EpiVax Inc., a Providence Rhode Island-based company that specializes in vaccines and other protein-based therapeutics, received a $528,313 Small Business Innovation Research (SBIR) grant from the National Heart, Lung, and Blood Institute (NHLBI) to "re-engineer" factor VIII (FVIII) proteins to treat hemophilia A, without the risk of developing an inhibitor.
Inhibitors result when the immune system identifies infused factor product as a foreign substance, releasing antibodies that neutralize its ability to promote clotting. Inhibitors can render factor therapy ineffective, compelling physicians to employ more intensive therapy regimens and/or alternative treatments. This can become a complicated, costly side effect for patients and a therapeutic challenge for doctors.
The SBIR grant will allow EpiVax to begin "proof-of-principle" studies in mice to determine if re-engineered FVIII can be used as a viable treatment, without the risk of inhibitor development. To do this, the company will alter the part of the protein that triggers inhibitor development. The technique includes the use of "demmunization of functional therapeutics," computer algorithms that help determine the part of the protein that should be targeted. EpiVax will collaborate on the study with David Scott, PhD, professor at the University of Maryland-Baltimore School of Medicine, and Edwin Forman, MD, physician in the pediatric oncology/hematology department at the Hasbro Children’s Hospital in Providence.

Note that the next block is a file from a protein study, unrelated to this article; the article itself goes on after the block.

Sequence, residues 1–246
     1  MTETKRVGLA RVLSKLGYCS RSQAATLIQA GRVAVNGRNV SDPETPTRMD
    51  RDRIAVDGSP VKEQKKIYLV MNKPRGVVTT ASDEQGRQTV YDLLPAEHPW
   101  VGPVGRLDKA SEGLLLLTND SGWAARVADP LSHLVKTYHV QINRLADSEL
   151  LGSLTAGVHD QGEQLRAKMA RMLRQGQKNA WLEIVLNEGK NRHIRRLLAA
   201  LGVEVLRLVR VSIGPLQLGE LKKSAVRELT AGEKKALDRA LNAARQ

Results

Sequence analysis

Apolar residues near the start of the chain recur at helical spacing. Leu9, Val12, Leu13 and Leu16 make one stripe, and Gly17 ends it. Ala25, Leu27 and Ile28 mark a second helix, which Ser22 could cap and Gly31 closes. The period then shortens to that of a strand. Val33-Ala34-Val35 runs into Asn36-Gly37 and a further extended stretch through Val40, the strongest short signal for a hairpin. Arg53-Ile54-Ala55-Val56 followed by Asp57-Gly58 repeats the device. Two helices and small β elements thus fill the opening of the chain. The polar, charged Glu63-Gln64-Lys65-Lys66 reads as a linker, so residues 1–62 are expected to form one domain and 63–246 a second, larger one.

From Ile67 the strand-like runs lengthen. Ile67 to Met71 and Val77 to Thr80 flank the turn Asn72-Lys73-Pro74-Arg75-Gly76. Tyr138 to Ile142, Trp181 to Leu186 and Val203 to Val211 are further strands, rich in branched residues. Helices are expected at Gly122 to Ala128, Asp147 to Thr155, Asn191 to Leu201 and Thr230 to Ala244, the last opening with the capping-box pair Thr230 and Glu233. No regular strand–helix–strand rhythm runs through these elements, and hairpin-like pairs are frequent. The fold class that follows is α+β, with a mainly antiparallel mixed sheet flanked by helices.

"We hope to make it possible for persons living with hemophilia to avoid a common side effect of FVIII—the development of ‘inhibitors’ to the life-saving therapy," said Dr. Anne De Groot, EpiVax president and CEO. "This is an entirely novel approach to improving factor VIII therapy."
EpiVax has received more than $3 million in SBIR grants since its founding in 1998. The NHLBI is part of the National Institutes of Health.
Source: Providence Business News, June 27, 2007